• 96. 86 J U ST I N TI M E VO CAB U LARY eu: good, well eulogy (a verbal or written tribute, especially one praising someone who has died), euthanasia (the act of painlessly ending the life of someone suffering from a terminal illness) (h)etero: different, other heterosexual (a person sexually attracted to members of the opposite sex), heterodox (disagreeing with or departing from accepted beliefs) (h)omo: same homogeneous (of the same or similar nature or kind; having a uniform structure or composition throughout), homophone (a word that sounds the same as another but has a different meaning) hyper: over, excessive hyperactive (highly or excessively active), hyperventilate (to breathe excessively and abnormally fast) morph: shape metamorphosis (a transformation, a marked change of form, character, or function), polymorphous (having or assuming a variety of forms) " SHORTCUT: USING MNEMONIC DEVICES Mnemonic devices, as you know, are those tricks such as rhymes that we use to help us remember things. Use them to remember the meaning of word roots. For example, you can use the following catchy sentences to remember these roots: My name is Nom. He is hidden in the crypt. Archie is a good ruler. All the eggs are in the pan. Phil loves to help others. Here’s a trick to remember the difference between hetero (different) and homo (same): homo has the same number of letters as same. If you are a visual learner, again, use pictures to help you remember words. For example, to remember that the root dog/dox means opinion, you can imagine a dog explaining his opinion on an important issue. To remember that eu means good or well, you can picture the letters EU on a well. nom, nym: name nominate (to name as a candidate), synonym (a word having the same or nearly the same meaning as another) pan: all, everyone panorama (a complete view in every direction), pantheon (a temple dedicated to all the gods; all the gods of a people or region)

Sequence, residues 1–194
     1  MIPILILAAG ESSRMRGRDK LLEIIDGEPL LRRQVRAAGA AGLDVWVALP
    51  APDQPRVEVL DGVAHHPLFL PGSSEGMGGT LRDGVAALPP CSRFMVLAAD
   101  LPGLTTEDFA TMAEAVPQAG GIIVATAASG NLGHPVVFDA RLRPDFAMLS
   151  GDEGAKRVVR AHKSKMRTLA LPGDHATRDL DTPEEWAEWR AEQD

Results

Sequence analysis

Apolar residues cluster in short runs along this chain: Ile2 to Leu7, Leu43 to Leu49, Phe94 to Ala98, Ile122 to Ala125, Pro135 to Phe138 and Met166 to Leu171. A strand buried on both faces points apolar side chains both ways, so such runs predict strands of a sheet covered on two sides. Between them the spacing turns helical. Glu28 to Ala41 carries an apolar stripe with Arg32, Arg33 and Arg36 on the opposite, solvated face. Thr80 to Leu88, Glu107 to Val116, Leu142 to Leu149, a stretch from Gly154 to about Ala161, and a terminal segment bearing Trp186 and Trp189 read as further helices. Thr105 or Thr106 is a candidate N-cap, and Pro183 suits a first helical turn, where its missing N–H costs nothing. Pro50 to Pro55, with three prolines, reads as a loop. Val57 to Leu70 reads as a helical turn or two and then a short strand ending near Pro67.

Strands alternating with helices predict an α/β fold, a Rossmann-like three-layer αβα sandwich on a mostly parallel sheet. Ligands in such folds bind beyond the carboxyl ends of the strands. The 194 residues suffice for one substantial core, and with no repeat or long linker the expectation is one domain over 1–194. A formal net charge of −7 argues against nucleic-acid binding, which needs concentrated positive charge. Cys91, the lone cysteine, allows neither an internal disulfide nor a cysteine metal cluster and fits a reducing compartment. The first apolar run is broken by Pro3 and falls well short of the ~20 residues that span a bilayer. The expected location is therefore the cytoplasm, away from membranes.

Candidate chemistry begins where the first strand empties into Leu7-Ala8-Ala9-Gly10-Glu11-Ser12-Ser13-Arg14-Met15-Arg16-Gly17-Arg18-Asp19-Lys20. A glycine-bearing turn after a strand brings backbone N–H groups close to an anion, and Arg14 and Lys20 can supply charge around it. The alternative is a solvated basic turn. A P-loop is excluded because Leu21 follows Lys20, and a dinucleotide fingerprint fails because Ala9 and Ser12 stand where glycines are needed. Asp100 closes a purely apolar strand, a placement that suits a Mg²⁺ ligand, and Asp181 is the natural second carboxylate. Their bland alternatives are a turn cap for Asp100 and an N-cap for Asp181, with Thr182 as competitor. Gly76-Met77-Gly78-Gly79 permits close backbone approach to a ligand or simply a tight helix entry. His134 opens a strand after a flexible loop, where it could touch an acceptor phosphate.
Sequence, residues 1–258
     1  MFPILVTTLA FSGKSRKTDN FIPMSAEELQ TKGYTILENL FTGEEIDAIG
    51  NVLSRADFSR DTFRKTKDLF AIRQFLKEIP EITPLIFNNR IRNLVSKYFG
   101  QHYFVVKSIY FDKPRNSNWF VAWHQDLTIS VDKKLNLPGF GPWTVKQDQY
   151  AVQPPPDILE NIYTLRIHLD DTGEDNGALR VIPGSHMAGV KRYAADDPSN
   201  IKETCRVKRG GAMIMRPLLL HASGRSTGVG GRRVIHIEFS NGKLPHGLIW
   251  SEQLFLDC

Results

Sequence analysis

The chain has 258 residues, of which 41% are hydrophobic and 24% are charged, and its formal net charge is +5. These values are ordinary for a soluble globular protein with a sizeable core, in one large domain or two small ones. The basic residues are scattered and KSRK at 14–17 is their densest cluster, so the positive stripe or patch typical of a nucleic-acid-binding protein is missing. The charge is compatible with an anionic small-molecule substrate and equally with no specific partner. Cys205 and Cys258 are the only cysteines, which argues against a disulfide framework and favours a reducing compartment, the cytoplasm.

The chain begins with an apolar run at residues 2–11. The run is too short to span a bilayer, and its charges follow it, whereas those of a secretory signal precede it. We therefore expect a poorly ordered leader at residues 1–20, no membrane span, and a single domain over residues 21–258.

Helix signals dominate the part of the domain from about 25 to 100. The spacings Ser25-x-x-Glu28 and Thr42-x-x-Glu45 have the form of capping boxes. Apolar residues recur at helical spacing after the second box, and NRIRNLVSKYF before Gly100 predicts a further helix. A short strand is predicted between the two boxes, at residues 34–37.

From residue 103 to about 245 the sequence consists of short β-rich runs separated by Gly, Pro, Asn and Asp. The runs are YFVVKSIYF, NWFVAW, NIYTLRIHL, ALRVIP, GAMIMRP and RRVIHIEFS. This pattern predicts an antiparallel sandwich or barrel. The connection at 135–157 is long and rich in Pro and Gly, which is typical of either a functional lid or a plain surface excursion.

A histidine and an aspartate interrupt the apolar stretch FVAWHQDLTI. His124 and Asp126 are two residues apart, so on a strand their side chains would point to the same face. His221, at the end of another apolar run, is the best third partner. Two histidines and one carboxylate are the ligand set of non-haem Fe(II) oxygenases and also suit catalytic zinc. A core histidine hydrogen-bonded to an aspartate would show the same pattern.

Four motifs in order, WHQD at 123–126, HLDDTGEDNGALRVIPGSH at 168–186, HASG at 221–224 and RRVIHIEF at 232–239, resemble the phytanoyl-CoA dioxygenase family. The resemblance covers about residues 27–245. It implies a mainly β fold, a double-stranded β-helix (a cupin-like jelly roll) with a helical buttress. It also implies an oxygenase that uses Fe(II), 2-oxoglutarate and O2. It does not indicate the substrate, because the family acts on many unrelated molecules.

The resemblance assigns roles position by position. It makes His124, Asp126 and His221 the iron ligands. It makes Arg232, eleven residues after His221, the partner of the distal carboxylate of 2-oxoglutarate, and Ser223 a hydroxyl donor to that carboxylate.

• 97. G R E E K WO R D R O OTS 87 pas, pat, path: feeling, suffering, disease compassion (deep awareness of and sympathy for another’s suffering), sympathy (sharing another person’s feelings; feeling pity or tenderness toward another’s pain or suffering; harmony, agreement between two people) ped: child, education encyclopedia (a comprehensive reference work on a wide range of subjects), pediatrician (a physician specializing in the care of infants and children) peri: around perimeter (the outer limits or boundary of an area), periscope (an optical instrument that provides a view of an otherwise obstructed field) phil: love bibliophile (a lover of books), philosophy (love and pursuit of wisdom; a systematic investigation of questions about knowledge, existence, and ethics) phone: sound phonics (a method of teaching reading by training beginners to associate letters with their sound values), symphony (a long and complex sonata for an orchestra; a large orchestra) theo: god atheist (one who denies the existence of a god or supreme being), theology (the study of god and religion) Now you have a larger store of word roots in your vocabulary—and a greater ability to break down unfamiliar words and use their roots to determine meaning. Keep reviewing common word roots as well as prefixes and suffixes as you prepare for your test. The more familiar you are with these word parts, the more accurately you will be able to determine the meaning of unfamiliar words and achieve a higher score on your exam. CHEAT SHEET: ASSOCIATE AND ELIMINATE Remember the power of two key vocabulary test strategies: association and elimination. Use association to remember root meanings and to determine the meaning of unfamiliar words. Use elimination to narrow down your answer choices on an exam. That way, even if you guess, you have a much better chance of guessing the correct answer. TIPS AND STRATEGIES Many words in the English language come from Greek word roots. Here again are some specific strategies for using your knowledge of word roots to build your vocabulary and improve your score on an exam.